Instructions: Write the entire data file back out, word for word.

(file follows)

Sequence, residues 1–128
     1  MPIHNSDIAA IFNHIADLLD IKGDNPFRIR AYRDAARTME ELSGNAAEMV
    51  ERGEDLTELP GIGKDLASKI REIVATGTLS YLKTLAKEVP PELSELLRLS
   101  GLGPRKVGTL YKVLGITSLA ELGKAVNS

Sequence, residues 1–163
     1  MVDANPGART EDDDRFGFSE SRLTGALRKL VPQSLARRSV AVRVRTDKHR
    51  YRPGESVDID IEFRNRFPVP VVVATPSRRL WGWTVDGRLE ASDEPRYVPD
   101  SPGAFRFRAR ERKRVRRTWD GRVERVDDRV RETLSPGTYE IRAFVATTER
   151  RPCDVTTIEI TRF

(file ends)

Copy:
Sequence, residues 1–128
     1  MPIHNSDIAA IFNHIADLLD IKGDNPFRIR AYRDAARTME ELSGNAAEMV
    51  ERGEDLTELP GIGKDLASKI REIVATGTLS YLKTLAKEVP PELSELLRLS
   101  GLGPRKVGTL YKVLGITSLA ELGKAVNS

Sequence, residues 1–163
     1  MVDANPGART EDDDRFGFSE SRLTGALRKL VPQSLARRSV AVRVRTDKHR
    51  YRPGESVDID IEFRNRFPVP VVVATPSRRL WGWTVDGRLE ASDEPRYVPD
   101  SPGAFRFRAR ERKRVRRTWD GRVERVDDRV RETLSPGTYE IRAFVATTER
   151  RPCDVTTIEI TRF